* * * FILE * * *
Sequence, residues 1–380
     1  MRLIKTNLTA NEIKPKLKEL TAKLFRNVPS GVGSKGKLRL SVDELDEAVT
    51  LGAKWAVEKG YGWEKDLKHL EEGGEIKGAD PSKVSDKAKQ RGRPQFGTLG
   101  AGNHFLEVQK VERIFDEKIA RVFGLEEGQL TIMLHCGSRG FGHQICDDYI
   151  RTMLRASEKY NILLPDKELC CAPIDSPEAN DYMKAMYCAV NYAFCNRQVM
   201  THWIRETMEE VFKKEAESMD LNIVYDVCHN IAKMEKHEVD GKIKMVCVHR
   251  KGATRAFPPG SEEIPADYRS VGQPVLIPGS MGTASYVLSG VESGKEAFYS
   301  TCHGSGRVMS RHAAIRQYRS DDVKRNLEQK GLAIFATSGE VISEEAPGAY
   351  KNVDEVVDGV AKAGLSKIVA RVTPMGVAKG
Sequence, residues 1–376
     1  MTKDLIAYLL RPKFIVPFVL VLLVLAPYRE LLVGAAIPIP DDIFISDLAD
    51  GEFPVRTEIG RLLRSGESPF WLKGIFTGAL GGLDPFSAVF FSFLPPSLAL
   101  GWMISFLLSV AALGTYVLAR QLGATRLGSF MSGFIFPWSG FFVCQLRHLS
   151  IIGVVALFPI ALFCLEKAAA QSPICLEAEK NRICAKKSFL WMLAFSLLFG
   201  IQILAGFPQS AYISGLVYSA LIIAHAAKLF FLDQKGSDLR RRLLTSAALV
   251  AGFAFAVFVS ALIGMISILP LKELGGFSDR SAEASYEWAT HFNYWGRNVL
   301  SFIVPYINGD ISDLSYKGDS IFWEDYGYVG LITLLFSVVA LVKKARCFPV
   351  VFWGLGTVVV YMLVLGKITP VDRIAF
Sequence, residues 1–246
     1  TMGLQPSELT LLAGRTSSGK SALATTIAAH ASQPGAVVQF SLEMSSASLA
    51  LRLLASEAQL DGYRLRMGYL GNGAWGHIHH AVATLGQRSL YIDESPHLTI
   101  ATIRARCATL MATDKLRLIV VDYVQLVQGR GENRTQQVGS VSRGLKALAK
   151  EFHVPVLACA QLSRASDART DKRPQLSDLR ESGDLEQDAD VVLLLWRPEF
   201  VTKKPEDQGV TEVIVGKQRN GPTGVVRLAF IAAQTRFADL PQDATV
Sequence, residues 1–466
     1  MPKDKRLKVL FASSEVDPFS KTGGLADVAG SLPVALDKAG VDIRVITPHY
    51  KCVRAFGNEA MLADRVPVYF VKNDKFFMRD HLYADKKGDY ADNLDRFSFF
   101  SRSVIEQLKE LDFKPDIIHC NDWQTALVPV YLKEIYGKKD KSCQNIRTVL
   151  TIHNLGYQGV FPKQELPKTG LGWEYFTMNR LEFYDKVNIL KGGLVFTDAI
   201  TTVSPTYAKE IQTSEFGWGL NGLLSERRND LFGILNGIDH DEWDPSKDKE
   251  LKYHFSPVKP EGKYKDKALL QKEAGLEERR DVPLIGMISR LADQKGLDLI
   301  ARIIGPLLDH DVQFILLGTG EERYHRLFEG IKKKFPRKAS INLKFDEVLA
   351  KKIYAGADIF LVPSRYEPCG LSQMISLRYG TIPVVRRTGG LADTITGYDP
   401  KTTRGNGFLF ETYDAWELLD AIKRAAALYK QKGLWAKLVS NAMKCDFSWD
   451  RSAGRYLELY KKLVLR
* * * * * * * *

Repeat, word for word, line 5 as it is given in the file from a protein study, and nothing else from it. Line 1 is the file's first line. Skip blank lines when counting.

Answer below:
   151  RTMLRASEKY NILLPDKELC CAPIDSPEAN DYMKAMYCAV NYAFCNRQVM